Feeds

Vixie warns: DNS Changer ‘blackouts’ inevitable

Father of BIND fears ISP crisis in July

Security for virtualized datacentres

Ridding the world of the DNS Changer is proving a long, slow process that won’t be accomplished by July 9, when the court orders granted to the FBI expire and infected users suffer their inevitable blackout.

That’s the bleak warning given by BIND father and ISC founder and chair Paul Vixie to the AusCERT security conference on the Gold Coast today, 17 May.

“Remediation, which has not worked, has taken many forms, which did not work,” Vixie drily noted.

The notorious “operation ghost click” is well-known and understood, having been analysed in the six months since arrest of the Estonians (Vladimir Tsatsin, Timur Gerassimenko, Dmitri Jegorov, Valeri Aleksejev, Konstantin Poltev and Anton Ivanov) who hosted their ad-redirecting DNS on Rove Digital’s infrastructure.

Vixie said ISC’s ongoing research demonstrates that when the court order expires, there will still be in the vicinity of 300,000 DNS Changer-infected computers, in spite of the best efforts at remediation. Many users, Vixie said, are so untrusting and hostile that they resent being told they have a problem.

On the coming “dark day”, Vixie says, there’s a strong likelihood that ISPs will be swamped with help calls demanding to know what’s wrong. Had it been possible to do so, Vixie said, he would at least have contrived some way to “spread out the pain”, because “the way we’re doing it now, there will be no end to it.”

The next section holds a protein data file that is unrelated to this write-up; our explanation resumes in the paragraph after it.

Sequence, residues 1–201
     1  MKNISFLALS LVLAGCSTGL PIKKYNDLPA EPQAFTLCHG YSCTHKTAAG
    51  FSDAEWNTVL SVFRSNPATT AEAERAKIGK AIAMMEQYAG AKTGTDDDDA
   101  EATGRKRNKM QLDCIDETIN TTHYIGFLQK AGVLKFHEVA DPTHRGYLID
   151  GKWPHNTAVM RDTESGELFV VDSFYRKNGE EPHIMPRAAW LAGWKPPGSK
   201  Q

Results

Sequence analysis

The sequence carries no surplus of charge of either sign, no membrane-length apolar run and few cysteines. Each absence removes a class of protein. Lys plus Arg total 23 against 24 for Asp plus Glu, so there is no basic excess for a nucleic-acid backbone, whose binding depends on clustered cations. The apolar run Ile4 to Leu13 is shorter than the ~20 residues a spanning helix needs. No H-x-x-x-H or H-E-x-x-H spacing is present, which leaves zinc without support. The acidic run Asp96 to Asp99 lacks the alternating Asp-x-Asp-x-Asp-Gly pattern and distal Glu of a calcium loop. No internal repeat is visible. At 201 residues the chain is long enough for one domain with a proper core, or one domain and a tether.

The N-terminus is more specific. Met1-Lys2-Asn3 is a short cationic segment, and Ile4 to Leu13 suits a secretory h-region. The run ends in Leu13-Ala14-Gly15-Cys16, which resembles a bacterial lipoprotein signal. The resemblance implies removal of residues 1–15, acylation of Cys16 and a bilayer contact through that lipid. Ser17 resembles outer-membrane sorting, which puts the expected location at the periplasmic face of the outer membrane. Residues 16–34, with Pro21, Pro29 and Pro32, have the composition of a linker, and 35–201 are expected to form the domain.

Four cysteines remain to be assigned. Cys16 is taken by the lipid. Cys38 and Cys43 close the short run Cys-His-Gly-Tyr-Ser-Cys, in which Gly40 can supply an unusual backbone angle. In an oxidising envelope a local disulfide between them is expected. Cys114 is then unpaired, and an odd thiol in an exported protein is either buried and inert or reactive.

Although the DNS Changer incident emphasizes the importance of DNSSec, implementation is a slow process that depends on industry-wide cooperation.

He also took the opportunity to criticize the increasing willingness of governments to try and use misdirected DNS requests to enforce policies (such as porn-blocking or, in the case of Italy, blocking offshore gambling site).

“If it becomes popular [to use DNS] to block things that users want, they will move their DNS requests elsewhere.” The threat remains, however: SOPA-style legislation is still on the wish-list of entertainment lobbies, and will not leave the political agenda. ®

Secure remote control for conventional and virtual desktops

More from The Register

next story
NASTY SSL 3.0 vuln to be revealed soon – sources (Update: It's POODLE)
So nasty no one's even whispering until patch is out
Russian hackers exploit 'Sandworm' bug 'to spy on NATO, EU PCs'
Fix imminent from Microsoft for Vista, Server 2008, other stuff
Microsoft pulls another dodgy patch
Redmond makes a hash of hashing add-on
'LulzSec leader Aush0k' found to be naughty boy not worthy of jail
15 months home detention leaves egg on feds' faces as they grab for more power
Forget passwords, let's use SELFIES, says Obama's cyber tsar
Michael Daniel wants to kill passwords dead
FBI boss: We don't want a backdoor, we want the front door to phones
Claims it's what the Founding Fathers would have wanted – catching killers and pedos
prev story

Whitepapers

Forging a new future with identity relationship management
Learn about ForgeRock's next generation IRM platform and how it is designed to empower CEOS's and enterprises to engage with consumers.
Why cloud backup?
Combining the latest advancements in disk-based backup with secure, integrated, cloud technologies offer organizations fast and assured recovery of their critical enterprise data.
Win a year’s supply of chocolate
There is no techie angle to this competition so we're not going to pretend there is, but everyone loves chocolate so who cares.
High Performance for All
While HPC is not new, it has traditionally been seen as a specialist area – is it now geared up to meet more mainstream requirements?
Intelligent flash storage arrays
Tegile Intelligent Storage Arrays with IntelliFlash helps IT boost storage utilization and effciency while delivering unmatched storage savings and performance.